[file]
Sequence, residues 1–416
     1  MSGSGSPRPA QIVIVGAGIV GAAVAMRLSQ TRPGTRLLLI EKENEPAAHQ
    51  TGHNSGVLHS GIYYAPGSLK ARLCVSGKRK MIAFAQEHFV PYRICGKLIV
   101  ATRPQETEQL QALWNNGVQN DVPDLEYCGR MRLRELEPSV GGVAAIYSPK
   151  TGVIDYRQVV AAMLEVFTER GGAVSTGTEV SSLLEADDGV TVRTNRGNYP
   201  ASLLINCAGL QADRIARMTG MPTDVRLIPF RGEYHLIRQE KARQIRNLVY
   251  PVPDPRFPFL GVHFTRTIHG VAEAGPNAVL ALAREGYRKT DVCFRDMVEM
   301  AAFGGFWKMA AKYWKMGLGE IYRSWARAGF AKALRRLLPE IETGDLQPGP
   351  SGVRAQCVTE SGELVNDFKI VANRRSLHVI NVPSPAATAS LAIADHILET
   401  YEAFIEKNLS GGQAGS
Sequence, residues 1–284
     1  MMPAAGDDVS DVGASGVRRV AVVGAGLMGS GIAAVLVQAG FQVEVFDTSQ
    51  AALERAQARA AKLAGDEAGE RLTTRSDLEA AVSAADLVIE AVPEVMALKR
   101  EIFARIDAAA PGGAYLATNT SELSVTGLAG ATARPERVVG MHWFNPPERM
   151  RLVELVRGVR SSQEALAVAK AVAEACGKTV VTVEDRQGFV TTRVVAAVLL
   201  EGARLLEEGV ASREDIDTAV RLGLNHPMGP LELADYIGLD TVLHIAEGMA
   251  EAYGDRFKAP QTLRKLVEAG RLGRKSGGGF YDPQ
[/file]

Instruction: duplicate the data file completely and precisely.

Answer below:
Sequence, residues 1–416
     1  MSGSGSPRPA QIVIVGAGIV GAAVAMRLSQ TRPGTRLLLI EKENEPAAHQ
    51  TGHNSGVLHS GIYYAPGSLK ARLCVSGKRK MIAFAQEHFV PYRICGKLIV
   101  ATRPQETEQL QALWNNGVQN DVPDLEYCGR MRLRELEPSV GGVAAIYSPK
   151  TGVIDYRQVV AAMLEVFTER GGAVSTGTEV SSLLEADDGV TVRTNRGNYP
   201  ASLLINCAGL QADRIARMTG MPTDVRLIPF RGEYHLIRQE KARQIRNLVY
   251  PVPDPRFPFL GVHFTRTIHG VAEAGPNAVL ALAREGYRKT DVCFRDMVEM
   301  AAFGGFWKMA AKYWKMGLGE IYRSWARAGF AKALRRLLPE IETGDLQPGP
   351  SGVRAQCVTE SGELVNDFKI VANRRSLHVI NVPSPAATAS LAIADHILET
   401  YEAFIEKNLS GGQAGS
Sequence, residues 1–284
     1  MMPAAGDDVS DVGASGVRRV AVVGAGLMGS GIAAVLVQAG FQVEVFDTSQ
    51  AALERAQARA AKLAGDEAGE RLTTRSDLEA AVSAADLVIE AVPEVMALKR
   101  EIFARIDAAA PGGAYLATNT SELSVTGLAG ATARPERVVG MHWFNPPERM
   151  RLVELVRGVR SSQEALAVAK AVAEACGKTV VTVEDRQGFV TTRVVAAVLL
   201  EGARLLEEGV ASREDIDTAV RLGLNHPMGP LELADYIGLD TVLHIAEGMA
   251  EAYGDRFKAP QTLRKLVEAG RLGRKSGGGF YDPQ